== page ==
“Do you not know that in a race all the runners run, but only one gets the prize?
Run in such a way as to get the prize.” 1 Cor 9:24
Dec 16, 2009: Stephanie had her first seizure
June 1, 2010: Started training for my first half-marathon
Oct 3, 2010: Stephanie had 3 grand mal seizures within 24 hours, the last of which caused a cardiac arrest
Oct 10, 2010: Ran my first half marathon
Oct 13, 2010: Stephanie passed into the arms of Jesus
Do you know how there are some things in your life that are defining moments? I’ve just shared with you a timeline of an event in life that was one of those.
In June of 2010, I decided that I would run my first half marathon. I began the training with my good friend Leslie. If you’ve ever trained for a race, you know how disciplined that you need to be. There were many early morning runs. Many sacrifices to get to bed early. To eat to nourish my body. To stretch out properly. I enjoyed the training process mainly because it gave me a few hours to catch up with my friend, but it also was such a feeling of achievement! Each Saturday when I came home from my long runs, I felt such a high that I was able to increase my mileage and do it fairly easily!
October 4th, 2010, I received a message on my facebook from my friend Stephanie’s husband (Brad) stating that she had 3 grand mal seizures within 24 hours, the last of which caused a cardiac arrest. I received the message early on a Monday morning. I remember exactly where I was standing when I read it. I remember exactly what I did when I read it ( I prayed) and I remember exactly what I felt when I read it. A pit in my stomach.
Stephanie and I knew each other because Brad’s family and my husband were very close. I guess you could say I knew Stephanie more “via facebook” than any face to face contact. We had met a handful of times at birthday parties or holiday celebrations, but mainly our friendship had grown thanks to the internet. We were pregnant with our first children at the same time. We were pregnant with our second children at the same time. She made my little girl’s hairbows. We shared tears over miscarriages we both had. We shared a love for our children, homemaking, our husbands and more importantly, our faith.
Stephanie had been struggling with seizures for a year. She had many posts on facebook about random seizures that she would have. One of the things she would say was the worse parts of the seizures was the fact that she couldn’t drive. Each time she had a seizure, they reset her “drive’ clock another 6 months. Being a stay at a home mom of 2, she definitely had her “ go crazy” days! She took it all in stride and was quite amazing through it all. (and humorous including her last post she ever wrote regarding having a seizure while eating Taco Bell)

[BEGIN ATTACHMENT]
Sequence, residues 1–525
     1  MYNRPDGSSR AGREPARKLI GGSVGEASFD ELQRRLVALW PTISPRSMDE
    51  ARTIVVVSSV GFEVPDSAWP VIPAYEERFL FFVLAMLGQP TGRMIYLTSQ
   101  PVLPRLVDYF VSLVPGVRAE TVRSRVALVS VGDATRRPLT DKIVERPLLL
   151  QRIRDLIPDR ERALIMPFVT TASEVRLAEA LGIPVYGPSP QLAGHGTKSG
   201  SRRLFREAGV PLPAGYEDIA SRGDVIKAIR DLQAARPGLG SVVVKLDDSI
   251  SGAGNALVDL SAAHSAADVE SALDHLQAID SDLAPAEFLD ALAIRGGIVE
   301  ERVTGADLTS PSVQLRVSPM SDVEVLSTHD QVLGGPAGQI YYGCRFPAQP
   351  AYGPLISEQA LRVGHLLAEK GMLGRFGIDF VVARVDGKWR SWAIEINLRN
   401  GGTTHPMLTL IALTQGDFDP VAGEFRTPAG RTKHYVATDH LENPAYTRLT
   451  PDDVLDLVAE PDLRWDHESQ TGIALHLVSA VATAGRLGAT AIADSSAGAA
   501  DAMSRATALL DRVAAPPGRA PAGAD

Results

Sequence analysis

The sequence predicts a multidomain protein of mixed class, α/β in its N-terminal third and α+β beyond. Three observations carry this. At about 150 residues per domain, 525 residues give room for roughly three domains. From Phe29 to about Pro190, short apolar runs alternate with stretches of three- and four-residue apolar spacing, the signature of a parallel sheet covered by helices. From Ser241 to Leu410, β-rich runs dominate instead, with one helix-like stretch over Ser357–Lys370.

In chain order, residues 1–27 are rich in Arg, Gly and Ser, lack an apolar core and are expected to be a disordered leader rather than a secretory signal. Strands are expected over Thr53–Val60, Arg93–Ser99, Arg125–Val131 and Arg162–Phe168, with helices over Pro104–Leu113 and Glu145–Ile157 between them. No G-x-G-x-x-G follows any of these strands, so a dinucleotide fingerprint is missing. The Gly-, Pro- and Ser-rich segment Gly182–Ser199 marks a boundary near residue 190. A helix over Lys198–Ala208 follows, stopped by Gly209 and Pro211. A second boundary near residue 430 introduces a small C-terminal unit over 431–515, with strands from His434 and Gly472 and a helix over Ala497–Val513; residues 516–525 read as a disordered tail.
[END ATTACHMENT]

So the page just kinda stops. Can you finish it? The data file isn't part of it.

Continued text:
I received the news that she had gone into the hospital less than a week of my first race. Immediately, my nerves and concerns (which I KNOW I would’ve had) for the race went to the wayside. I (along with hundred of other people) were consumed with reading the day by day, moment by moment real life facts that Brad shared with us via his blog. I had never been so entangled into someone’s life as I had hers and judging by the many comments of readers, neither had they.
I think it was the 2nd day that she was in the hospital that the parallels of what was going on in their life and the race that I was getting to run were revealed to me. Sure. As I trained in the summer, I was able to make many connections between my physical training and my spiritual training. But this. This was unreal.
Here, I was nearing the end of my journey. I had spent months preparing for this race. I had spent hours training, preparing physically and preparing mentally. I purchased the correct shoes and the correct socks. I didn’t eat certain foods the day before I had long runs. I specifically ate certain foods the morning I ran.
I could taste the finish.
I was days away. There were plenty of times when I was exhausted. When I didn’t want to do my training runs. When I wanted to eat whatever I wanted to and stay up late. And did I do it all 100% correct? Heavens no. There were 3 weeks in August when I was way off my training regime due to vacation!
Stephanie was nearing the end of her journey too. She had spent months taking medications to try to maintain her seizures. She had spent hours meeting with doctors to find out exactly what was going on. She had spent lots of extra time at home playing with her children as she wasn’t able to drive around. I’m pretty sure if I was sitting with her right now she would say that she didn’t do everything 100% correct, yet she was on her journey. Putting one foot in front of the other….
(part 2 here)